LUMBERTON — The state Highway Patrol will be busy tonight as revelers ring in the New Year, with patrolmen watching for motorists who mix drinking and driving and threaten to crash the party.
That New Year’s Eve falls on a Saturday this year enhances the need for stepped-up patrols, according to 1st Sgt. Ardeen Hunt of the state Highway patrol.
“We’ll be conducting random checkpoints and doing some saturation patrols in general areas where we frequently arrest DWIs,” Hunt said. “That’s basically what we’ll be focusing on, is keeping the drunk drivers off the roadways.”
Hunt said the Highway Patrol will have at least 10 checkpoints set up throughout the county today.
“We’ll probably have a larger volume of people out and about due to the fact that it is falling on a weekend instead of the middle of the week,” he said. “… That would be a key focus in our part.”
Last year in Robeson County, the Highway Patrol set up 40 checkpoints and 66 saturation patrols from Dec. 3, 2010, through Jan. 2 of this year. Those efforts netted 86 DWI arrests, 724 speeding violations and 22 drug violations among other charges, Hunt said.
Statewide during the same period, the Highway Patrol garnered a total 140,830 charges, including 3,873 DWI arrests.
In North Carolina, the blood alcohol content limit is .08 percent for a person over 21 years of age. Hunt said that a number of factors can affect a person’s blood alcohol content, including the person’s weight, sex and whether or not they’ve consumed any food.
According to the Department of Motor Vehicles, someone convicted on DWI for the first time could face up to two years in prison, a $2,000 fine and revocation of their driver’s license for a year.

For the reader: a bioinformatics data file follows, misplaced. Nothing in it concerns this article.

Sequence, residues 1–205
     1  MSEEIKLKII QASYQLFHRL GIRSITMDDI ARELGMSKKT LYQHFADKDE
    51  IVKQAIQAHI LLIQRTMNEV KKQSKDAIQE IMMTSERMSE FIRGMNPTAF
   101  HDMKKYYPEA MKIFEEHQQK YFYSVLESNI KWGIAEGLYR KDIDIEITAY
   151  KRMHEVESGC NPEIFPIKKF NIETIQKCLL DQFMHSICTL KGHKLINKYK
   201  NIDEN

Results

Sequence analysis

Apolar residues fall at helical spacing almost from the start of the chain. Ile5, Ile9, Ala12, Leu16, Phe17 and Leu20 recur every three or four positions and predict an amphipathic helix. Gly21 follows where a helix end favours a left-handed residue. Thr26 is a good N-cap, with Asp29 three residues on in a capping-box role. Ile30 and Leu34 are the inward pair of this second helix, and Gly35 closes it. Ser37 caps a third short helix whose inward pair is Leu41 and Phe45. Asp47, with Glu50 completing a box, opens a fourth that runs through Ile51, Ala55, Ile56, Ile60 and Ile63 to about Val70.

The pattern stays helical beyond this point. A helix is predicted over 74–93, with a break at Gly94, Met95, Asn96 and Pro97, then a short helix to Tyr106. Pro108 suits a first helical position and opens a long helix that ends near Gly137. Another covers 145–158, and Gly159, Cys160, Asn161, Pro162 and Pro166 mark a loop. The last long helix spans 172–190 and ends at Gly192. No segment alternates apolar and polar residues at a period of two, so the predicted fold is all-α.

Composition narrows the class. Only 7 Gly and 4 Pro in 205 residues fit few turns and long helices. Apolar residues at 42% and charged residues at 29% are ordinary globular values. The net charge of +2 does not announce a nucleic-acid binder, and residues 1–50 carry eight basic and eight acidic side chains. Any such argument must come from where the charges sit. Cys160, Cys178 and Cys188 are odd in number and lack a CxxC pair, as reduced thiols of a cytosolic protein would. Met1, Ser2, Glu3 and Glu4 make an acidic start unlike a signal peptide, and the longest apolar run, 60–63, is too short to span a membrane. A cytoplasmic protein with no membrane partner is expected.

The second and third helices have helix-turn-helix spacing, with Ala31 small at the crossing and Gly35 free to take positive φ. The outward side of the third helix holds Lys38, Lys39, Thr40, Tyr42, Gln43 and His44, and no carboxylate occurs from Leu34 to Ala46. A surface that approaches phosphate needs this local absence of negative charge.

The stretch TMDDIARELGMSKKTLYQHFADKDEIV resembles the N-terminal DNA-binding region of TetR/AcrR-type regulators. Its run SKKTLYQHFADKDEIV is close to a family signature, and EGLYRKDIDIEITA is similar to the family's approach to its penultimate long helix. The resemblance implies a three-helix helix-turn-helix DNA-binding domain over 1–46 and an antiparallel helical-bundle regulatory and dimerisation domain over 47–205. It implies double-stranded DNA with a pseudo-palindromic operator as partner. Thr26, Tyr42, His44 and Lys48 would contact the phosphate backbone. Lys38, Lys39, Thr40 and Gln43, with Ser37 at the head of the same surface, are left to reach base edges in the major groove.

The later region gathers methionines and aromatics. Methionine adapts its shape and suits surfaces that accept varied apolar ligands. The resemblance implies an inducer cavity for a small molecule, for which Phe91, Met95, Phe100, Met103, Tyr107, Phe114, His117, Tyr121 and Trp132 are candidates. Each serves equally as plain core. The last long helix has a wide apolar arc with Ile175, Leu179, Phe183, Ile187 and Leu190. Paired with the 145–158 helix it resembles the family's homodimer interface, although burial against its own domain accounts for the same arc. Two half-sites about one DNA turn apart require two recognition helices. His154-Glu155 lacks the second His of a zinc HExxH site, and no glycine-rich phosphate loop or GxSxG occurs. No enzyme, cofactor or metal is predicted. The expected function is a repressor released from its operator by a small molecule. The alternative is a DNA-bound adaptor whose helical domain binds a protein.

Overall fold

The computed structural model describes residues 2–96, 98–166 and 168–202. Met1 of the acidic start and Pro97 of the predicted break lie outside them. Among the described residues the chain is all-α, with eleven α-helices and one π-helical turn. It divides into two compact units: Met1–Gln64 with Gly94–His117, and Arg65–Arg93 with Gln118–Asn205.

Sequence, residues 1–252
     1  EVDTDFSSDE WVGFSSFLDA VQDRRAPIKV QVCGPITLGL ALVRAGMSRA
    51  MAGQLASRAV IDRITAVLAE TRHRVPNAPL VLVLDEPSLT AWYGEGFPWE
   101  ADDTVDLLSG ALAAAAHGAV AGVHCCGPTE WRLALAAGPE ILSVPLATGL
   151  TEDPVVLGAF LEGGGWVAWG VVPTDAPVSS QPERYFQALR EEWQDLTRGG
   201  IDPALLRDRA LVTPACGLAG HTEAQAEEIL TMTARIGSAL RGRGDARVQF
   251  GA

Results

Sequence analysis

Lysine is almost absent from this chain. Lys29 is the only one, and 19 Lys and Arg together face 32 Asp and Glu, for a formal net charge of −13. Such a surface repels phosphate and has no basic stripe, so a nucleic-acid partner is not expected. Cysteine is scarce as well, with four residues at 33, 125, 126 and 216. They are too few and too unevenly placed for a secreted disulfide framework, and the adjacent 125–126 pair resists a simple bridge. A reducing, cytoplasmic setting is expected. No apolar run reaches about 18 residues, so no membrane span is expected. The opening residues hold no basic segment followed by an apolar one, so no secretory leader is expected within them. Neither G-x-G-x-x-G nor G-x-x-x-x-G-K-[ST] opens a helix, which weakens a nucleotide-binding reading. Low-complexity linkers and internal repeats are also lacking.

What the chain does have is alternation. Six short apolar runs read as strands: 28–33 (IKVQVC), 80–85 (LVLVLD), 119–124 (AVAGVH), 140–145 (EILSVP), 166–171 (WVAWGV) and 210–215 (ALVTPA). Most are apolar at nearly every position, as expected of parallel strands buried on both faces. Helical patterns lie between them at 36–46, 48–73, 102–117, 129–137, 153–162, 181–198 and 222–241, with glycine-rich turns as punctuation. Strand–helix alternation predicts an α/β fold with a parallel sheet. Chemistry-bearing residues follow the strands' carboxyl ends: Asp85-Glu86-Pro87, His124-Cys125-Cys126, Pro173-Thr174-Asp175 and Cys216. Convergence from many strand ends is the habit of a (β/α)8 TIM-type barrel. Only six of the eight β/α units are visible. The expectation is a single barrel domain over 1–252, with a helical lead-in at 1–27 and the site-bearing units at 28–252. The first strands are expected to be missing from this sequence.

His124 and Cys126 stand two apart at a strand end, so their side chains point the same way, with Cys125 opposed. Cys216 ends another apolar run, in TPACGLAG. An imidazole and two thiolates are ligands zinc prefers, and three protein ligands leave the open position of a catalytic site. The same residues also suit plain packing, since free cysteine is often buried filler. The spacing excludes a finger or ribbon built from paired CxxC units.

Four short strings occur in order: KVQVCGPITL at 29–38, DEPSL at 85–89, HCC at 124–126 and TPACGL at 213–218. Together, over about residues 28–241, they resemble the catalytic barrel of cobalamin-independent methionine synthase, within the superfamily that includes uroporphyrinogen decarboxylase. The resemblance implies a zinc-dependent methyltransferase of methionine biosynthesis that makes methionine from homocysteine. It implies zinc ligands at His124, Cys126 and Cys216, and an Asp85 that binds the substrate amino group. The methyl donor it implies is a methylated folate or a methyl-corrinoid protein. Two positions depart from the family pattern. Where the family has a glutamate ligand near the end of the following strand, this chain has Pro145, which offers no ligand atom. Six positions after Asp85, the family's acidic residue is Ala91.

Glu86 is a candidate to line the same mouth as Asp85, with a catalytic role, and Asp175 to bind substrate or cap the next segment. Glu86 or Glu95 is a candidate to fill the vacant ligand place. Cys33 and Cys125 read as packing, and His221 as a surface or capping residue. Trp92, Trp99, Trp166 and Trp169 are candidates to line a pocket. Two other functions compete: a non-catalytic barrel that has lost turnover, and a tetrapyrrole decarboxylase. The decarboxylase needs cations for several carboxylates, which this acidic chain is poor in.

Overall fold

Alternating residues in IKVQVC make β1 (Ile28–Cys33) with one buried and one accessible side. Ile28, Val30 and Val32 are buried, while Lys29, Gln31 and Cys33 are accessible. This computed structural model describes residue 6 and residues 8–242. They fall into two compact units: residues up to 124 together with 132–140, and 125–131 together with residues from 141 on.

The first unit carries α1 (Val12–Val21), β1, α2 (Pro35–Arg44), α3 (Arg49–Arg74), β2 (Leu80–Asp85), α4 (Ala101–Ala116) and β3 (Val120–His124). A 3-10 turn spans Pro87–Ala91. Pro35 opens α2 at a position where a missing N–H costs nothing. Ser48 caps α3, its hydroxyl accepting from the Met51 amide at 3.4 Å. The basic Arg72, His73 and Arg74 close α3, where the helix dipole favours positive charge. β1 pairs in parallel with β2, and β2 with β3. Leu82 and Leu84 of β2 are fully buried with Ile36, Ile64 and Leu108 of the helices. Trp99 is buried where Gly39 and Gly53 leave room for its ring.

Hunt urges drivers taking to the highways this weekend to leave enough time to travel to your destination, and to obey posted speed limits.
“By all means, do not drink and drive,” he said. “Have a designated driver if you plan to partake in any alcoholic beverages while enjoying the New Years festivities.”
If you plan to consume alcohol this weekend, State Farm Insurance and Mothers Against Drunk Driving compiled a list of tips to help you ring in the new year safely:
— Choose a designated driver. Decide who’s going to be doing the driving before you go out, and make sure that person doesn’t drink any alcoholic beverages.
— Call a taxi. Sometimes even the designated driver slips. If nobody in your group is sober, take alternate transportation. Cab, train, bus, horse and buggy — anything’s better than getting in the car with a drunken driver.
— Hide keys. Don’t be afraid to take someone’s car keys. If the person gets angry, it’s probably proof you’re doing the right thing.
Or, if you plan on hosting a party:
— Offer non-alcoholic beverages. Water, juice, soda — give your guests plenty of alternatives. And never pressure guests to drink alcohol.
— Serve plenty of food. A full stomach can slow the rate of alcohol absorption. Serve a great meal or have plenty of appetizers on hand.
— Stop serving alcohol well before the party ends. Give your guests an extra hour or two without alcohol before they head out the door.
— Arrange alternate transportation. Pay attention to your guests’ alcohol intake and behavior. If someone has had a lot to drink or seems even the slightest bit tipsy, call a cab or set up a ride with a sober driver.
Hunt said that to report problems or request assistance, drivers can dial *HP on their cell phones.